At least one United Nations peacekeeper was killed and six others injured in Mali on Monday when their vehicle struck a land mine in the north of the country, a U.N. spokesman said.
Three of the peacekeepers, all from Burkina Faso, were seriously hurt in the blast, the latest in a serious of incidents underscoring insecurity in northern Mali despite the French and U.N. troops who deployed to drive out al Qaeda-linked Islamists last year.
“A vehicle from the Burkinabe contingent hit a mine, injuring seven soldiers, four of them seriously,” Olivier Salgado told Reuters. “One of the four subsequently died.”
Salgado said the explosion took place outside the town of Goundam in Timbuktu region.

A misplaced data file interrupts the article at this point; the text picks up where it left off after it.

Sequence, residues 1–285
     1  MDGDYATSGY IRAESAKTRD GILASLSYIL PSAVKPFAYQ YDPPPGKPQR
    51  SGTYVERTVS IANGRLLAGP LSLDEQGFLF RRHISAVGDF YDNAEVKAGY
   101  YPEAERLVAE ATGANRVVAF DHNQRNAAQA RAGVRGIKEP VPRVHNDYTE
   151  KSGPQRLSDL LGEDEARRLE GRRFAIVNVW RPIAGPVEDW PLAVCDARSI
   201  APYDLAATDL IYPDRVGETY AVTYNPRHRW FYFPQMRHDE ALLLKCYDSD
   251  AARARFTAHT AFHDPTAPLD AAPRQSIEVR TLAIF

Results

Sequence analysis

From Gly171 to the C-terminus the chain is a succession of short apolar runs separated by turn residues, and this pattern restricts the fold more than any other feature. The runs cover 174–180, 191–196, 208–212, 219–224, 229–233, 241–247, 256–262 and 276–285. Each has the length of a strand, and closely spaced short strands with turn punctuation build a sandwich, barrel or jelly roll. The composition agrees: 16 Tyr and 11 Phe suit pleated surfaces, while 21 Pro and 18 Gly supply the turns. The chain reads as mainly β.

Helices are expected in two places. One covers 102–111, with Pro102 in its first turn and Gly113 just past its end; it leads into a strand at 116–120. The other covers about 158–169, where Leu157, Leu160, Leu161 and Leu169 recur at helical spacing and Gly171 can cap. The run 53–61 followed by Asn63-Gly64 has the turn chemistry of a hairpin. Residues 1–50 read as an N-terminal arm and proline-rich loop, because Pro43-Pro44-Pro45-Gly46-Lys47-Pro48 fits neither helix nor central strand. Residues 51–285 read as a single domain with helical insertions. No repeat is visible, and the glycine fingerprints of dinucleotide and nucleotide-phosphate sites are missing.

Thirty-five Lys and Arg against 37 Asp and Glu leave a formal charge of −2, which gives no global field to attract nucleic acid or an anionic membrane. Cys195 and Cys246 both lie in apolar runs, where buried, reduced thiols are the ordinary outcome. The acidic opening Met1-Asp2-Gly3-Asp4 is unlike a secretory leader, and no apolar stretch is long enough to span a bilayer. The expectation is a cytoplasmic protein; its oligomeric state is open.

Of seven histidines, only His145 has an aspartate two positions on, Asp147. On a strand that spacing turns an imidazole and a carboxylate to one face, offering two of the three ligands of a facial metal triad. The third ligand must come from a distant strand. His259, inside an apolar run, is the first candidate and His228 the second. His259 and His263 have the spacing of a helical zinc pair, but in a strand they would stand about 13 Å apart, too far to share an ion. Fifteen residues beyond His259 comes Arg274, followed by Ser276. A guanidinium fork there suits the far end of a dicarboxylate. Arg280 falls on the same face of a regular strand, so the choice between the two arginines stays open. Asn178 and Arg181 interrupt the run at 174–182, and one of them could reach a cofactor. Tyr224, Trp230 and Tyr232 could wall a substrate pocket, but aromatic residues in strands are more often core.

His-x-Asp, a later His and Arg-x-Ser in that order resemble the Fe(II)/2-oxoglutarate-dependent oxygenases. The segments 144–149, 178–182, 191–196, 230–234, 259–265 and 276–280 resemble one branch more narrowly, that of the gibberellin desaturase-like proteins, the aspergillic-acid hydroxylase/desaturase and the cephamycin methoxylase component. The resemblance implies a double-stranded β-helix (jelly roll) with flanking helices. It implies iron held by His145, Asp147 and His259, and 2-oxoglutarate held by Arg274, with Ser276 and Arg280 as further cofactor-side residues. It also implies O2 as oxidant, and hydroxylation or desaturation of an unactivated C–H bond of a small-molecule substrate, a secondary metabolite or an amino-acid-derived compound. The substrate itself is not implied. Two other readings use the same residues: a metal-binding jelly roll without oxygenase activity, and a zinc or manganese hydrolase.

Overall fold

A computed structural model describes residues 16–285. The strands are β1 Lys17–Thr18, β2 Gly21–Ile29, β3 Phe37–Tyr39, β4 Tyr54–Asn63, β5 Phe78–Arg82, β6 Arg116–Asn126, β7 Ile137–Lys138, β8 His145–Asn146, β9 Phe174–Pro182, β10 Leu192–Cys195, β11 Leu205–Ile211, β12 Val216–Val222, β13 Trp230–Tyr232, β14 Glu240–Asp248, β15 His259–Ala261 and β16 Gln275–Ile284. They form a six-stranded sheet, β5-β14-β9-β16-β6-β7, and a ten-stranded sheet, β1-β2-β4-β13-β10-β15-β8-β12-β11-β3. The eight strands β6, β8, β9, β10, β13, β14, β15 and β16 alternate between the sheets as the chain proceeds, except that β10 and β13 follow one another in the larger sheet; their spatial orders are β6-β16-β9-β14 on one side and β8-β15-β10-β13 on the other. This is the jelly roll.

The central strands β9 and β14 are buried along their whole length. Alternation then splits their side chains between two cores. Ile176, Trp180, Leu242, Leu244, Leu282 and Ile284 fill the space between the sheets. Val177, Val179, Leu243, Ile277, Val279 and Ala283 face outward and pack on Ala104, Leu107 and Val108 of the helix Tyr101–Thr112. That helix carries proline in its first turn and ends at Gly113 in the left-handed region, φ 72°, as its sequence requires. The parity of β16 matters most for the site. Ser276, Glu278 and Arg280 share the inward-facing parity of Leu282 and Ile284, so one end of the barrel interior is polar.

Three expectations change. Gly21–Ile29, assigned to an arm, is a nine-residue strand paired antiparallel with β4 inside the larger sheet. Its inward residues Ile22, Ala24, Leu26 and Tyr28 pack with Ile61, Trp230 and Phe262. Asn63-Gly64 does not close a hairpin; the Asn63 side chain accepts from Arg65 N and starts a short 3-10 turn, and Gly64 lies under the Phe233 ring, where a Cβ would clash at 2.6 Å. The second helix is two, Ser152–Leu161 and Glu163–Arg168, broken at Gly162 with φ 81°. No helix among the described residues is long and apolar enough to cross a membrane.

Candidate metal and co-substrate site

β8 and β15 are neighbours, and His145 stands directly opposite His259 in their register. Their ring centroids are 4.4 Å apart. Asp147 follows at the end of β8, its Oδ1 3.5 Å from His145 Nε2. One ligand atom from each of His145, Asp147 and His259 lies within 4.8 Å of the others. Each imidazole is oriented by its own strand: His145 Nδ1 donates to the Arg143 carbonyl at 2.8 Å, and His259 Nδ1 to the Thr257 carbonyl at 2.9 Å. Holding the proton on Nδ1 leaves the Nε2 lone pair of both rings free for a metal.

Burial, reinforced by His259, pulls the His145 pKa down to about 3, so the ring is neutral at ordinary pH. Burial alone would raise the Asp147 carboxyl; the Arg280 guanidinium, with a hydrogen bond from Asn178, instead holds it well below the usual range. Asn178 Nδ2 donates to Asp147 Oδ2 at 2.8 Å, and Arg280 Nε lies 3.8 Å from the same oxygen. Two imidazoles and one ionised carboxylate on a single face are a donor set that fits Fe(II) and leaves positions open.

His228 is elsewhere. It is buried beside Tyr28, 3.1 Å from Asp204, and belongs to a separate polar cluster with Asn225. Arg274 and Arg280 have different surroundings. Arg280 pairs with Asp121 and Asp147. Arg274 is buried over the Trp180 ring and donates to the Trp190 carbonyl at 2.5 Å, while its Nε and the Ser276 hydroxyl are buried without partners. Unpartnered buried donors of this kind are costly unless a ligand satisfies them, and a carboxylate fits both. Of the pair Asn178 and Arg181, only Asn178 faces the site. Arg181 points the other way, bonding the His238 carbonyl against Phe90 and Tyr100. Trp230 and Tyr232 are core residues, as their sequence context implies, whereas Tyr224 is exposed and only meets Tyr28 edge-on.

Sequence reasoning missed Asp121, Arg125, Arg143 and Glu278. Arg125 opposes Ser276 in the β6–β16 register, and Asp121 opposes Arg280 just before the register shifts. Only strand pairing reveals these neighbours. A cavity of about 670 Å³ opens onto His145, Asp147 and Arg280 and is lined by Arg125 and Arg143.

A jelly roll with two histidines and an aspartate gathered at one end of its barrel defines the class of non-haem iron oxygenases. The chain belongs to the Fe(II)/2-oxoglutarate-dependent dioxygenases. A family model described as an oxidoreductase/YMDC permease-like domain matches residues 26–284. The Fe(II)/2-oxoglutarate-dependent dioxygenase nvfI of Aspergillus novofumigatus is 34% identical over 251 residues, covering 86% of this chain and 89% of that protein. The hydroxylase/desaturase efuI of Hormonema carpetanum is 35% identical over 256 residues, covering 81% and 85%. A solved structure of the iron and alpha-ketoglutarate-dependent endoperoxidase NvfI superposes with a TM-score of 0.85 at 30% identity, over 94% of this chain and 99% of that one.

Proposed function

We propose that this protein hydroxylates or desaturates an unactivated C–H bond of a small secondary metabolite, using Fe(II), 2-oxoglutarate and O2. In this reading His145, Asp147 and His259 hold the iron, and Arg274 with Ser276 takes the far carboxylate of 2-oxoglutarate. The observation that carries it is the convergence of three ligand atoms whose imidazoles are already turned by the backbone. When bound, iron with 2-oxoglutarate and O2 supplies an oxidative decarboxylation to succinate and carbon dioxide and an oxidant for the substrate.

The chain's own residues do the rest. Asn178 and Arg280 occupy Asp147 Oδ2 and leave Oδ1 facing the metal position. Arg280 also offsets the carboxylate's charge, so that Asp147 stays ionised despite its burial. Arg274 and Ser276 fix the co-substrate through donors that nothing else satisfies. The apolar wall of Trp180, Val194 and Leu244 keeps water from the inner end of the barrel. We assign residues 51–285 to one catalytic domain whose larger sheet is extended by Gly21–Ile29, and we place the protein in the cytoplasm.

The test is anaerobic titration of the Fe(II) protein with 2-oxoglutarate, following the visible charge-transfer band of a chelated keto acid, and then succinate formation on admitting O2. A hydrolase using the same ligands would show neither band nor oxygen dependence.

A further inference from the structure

The explosion comes as Burkina Faso President Blaise Compaore, a key figure in regional politics, visited Mali on Monday in a bid to revive dialogue with rebels still occupying positions in Mali’s desert north.
Al Qaeda-linked Islamist groups took advantage of an uprising by Tuareg separatist rebel fighters and a military coup in the capital to seize Mali’s vast desert north in 2012.
France dispatched thousands of troops last year to drive the Islamists out of the zone and a U.N. peacekeeping mission is rolling out to try to stabilize the fragile northern regions.
But pockets of Islamists that remain have launched a series of bomb attacks on Malian and U.N. troops this year.
Mali’s government and rebel groups not officially linked to the Islamist militants are due to complete peace talks. However, Mali’s army lost 50 soldiers in a failed bid last month to dislodge Tuareg separatists still occupying the town of Kidal.
Mali’s foreign minister last week called on the United Nations to speed up deploying the remainder of its promised 12,000-member peacekeeping force and station more troops in the north.